In the seven-day period following Valentine’s Day this year, the Jackson Hole valley became blanketed in snow again, after enduring what I will call a “brown-out” during late January and early February. Six inches of settled snow depth was reported at the Jackson Climate Station at the end of last week.
The mountains picked up about four more feet of snow. By February 21st, settled snow depths on the upper mountain stood tall, at 100 inches. That’s 10 inches more than the average for this time of year.
As far as temperatures, well, they went backwards. We got used to seeing highs in the 40’s in late January and early February. Last week they dropped back down, with highs only in the teens and twenties. Along with, a few days with morning low temperatures in the single digits below zero, like we haven’t had since New Year’s Day.
This year, it was more like January in February. Which does not surprise me. February has been known to have some kick-ass weather. We only need to look back to last year’s storm to know that much.
In this post, I will look back at the three wildest February’s that I can recall since I came to Jackson Hole over 35 years ago; those were: 2017, 2000, and 1986. Each of these had unique and quite severe weather, during a month when winter is supposed to be going into its waning phase.
In early February 2017, we experienced what has been called the “Storm of the Century” for Jackson Hole. It began right around Groundhog’s Day. On February 7th, the “big blow” took down the powerlines along the Teton Village Road.
That wind was just a part of a storm cycle that spanned the first 11 days of the month. In that period of time, over 3 inches of water equivalent was recorded in the valley and 10 inches of water equivalent in the mountains. Which translated to 17 inches of snow in town and 92 inches of snow at the higher elevations in the mountains.
Last February went on to break the precipitation record for the month of February in town, with 5.75 inches of water recorded at the Jackson Climate Station. That’s over two inches more than the previous February record.
February 2017 also broke the all-time snowfall record for February at the Jackson Hole Mountain Resort, with 149 inches of snow recorded at the Rendezvous Bowl weather station. The old record was 134 inches from just a four winters ago, in February 2014. An “average” February on the mountain sees 69 inches.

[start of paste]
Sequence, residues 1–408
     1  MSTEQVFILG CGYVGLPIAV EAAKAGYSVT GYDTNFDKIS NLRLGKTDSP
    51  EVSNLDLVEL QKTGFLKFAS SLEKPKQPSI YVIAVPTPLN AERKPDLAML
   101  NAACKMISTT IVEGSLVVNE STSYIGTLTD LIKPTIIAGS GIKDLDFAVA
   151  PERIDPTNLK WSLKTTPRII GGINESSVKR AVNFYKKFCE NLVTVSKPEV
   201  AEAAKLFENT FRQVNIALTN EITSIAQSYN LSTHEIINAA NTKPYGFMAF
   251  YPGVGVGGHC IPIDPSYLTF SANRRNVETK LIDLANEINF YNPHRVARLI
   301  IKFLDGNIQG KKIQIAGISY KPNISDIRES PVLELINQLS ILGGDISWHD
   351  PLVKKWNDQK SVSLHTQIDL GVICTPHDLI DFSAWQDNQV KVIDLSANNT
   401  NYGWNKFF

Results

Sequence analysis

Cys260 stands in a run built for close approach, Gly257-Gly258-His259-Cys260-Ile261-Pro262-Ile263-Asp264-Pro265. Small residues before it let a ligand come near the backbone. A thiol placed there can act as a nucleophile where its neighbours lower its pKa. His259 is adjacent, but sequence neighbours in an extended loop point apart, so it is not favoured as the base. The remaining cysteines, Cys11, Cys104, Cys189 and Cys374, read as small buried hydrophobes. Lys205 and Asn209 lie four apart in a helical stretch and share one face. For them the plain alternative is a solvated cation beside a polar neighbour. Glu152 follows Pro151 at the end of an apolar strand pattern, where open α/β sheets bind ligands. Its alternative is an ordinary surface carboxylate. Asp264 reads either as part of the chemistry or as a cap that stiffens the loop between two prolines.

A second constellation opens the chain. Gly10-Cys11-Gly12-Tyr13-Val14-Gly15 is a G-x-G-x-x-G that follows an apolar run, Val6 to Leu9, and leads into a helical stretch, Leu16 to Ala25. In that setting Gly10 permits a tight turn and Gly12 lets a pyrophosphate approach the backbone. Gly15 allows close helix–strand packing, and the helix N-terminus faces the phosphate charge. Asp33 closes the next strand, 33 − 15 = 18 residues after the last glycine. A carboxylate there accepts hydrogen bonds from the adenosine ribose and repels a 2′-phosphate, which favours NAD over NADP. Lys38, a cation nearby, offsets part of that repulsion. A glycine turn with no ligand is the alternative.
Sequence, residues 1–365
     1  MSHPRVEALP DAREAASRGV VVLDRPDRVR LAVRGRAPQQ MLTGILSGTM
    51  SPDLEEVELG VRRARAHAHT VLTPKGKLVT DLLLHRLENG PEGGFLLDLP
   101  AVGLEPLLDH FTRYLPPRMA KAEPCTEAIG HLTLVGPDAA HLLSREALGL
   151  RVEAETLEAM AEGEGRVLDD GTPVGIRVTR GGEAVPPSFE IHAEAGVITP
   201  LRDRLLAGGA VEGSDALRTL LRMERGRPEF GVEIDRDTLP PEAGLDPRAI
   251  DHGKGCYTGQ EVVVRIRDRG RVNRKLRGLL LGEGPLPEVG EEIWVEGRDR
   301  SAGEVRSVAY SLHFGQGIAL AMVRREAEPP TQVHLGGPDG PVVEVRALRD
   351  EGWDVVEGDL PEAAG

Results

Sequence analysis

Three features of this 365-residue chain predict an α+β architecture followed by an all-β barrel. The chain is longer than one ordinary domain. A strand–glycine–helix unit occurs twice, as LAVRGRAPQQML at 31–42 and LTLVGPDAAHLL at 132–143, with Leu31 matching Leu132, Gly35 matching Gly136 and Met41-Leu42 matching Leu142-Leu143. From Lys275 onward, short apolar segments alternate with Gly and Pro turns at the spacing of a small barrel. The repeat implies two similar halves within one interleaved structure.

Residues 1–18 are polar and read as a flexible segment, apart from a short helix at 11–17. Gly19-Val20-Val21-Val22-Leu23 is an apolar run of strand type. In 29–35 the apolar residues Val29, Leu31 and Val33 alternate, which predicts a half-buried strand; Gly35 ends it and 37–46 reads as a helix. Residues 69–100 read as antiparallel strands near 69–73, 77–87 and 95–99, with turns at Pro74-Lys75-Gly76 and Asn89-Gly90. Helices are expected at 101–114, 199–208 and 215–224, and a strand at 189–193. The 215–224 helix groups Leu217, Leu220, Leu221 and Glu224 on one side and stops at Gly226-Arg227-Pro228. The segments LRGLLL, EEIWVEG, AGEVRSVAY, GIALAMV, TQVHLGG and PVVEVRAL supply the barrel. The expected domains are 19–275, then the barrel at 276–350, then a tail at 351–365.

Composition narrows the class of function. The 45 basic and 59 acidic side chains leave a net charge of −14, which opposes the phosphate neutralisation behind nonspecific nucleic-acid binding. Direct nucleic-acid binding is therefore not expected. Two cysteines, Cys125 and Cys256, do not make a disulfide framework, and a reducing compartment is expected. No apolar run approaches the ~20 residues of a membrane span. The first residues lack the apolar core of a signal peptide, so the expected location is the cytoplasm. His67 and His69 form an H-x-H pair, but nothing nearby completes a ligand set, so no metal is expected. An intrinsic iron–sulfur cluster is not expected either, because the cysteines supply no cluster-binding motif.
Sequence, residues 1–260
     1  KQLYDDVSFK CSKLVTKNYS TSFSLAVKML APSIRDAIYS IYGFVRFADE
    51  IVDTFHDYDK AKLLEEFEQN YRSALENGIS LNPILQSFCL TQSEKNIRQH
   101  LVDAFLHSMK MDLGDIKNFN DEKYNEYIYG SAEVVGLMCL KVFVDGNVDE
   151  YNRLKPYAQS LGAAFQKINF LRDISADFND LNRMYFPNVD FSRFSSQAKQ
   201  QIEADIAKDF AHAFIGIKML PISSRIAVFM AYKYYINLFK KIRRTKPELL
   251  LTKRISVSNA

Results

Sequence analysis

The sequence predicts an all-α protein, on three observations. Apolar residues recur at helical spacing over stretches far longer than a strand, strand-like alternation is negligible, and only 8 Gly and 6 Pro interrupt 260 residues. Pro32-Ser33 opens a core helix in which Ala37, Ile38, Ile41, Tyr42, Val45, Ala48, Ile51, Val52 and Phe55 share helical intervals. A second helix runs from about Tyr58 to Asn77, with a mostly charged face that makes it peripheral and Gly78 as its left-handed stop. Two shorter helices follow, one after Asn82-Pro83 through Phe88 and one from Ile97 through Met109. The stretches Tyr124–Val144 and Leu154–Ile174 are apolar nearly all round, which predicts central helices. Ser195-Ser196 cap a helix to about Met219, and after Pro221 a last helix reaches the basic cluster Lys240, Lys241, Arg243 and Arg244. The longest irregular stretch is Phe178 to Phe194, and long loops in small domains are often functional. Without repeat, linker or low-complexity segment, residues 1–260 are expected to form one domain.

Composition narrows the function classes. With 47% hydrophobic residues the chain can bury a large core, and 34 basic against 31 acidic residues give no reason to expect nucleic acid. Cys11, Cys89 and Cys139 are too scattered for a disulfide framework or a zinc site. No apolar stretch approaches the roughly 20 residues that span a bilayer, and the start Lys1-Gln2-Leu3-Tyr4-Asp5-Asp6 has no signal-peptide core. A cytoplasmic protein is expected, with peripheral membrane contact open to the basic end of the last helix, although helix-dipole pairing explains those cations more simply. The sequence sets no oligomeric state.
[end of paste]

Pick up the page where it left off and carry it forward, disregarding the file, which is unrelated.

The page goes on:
It was on February 14th, 2000 that we had the St. Valentine’s Day storm. That storm was pretty much a one-day wonder, but it packed quite a punch. On the morning of February 14, 2000, a vigorous low-pressure system was moving inland across Idaho. It snowed hard in Jackson early that morning, but changed to rain by afternoon in the valley.
A strong cold front then moved across eastern Idaho in the late afternoon, with severe thunderstorms developing, along with tornadoes, which took down transmission lines in eastern Idaho, resulting in a power outage Valentine’s evening in Jackson.
Thunderstorms passed through the Jackson Hole area, also. Colder air changed the precipitation from rain to sleet to hail, and then to big, fat, heavy, wet snowflakes. This was a rare “thundersnow” event for Jackson Hole. Strong downdrafts of wind were also reaching a peak as these thunderstorms moved through.
Wind speeds averaged over 40 mph, with gusts topping out at 66 mph at the Jackson Hole Airport. Visibility was reduced to near zero around the valley in heavy snowfall, and blizzard conditions existed over the mountain passes.
Winds at the top of the tram were honking at a steady 50 mph, with gusts over 90 mph. When it was over, 17 inches of new snow containing over one-inch of water was recorded at the Jackson Hole Mountain Resort on Valentine’s Day 2000.
Last but not least, the storm period we had here between February 12th and February 23rd, 1986 was in many was more intense than the February 2017 storm cycle. Total precipitation in town during that period exceeded four inches.
At the Jackson Hole Mountain Resort, for that 12-day period, there was 110 inches of snow accumulation on the upper mountain, and that snow contained 12.50 inches of water.
That intense February of 1986 storm period produced 18 more inches of snow in the mountains and 2.50 more inches of water than what we received, in roughly the same number of days, as the storm in February 2017.
While we tend to start thinking about milder weather in February, the reality is, it can still get pretty darn western here.
Jim is the chief meteorologist at mountainweather.com and has been forecasting the weather in Jackson Hole and the Teton Range for the past 25 years.
Note: Content for this post first appeared in the Jackson Hole News & Guide’s Mountain Weather column on February 28, 2018.